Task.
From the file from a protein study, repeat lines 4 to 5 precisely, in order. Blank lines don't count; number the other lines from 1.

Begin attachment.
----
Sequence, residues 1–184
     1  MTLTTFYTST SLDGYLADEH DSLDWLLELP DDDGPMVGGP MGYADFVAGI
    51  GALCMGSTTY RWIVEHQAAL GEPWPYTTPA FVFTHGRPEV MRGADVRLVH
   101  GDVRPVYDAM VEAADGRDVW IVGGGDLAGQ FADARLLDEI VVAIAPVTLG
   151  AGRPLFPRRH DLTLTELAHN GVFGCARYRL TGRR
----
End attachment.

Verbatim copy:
   101  GDVRPVYDAM VEAADGRDVW IVGGGDLAGQ FADARLLDEI VVAIAPVTLG
   151  AGRPLFPRRH DLTLTELAHN GVFGCARYRL TGRR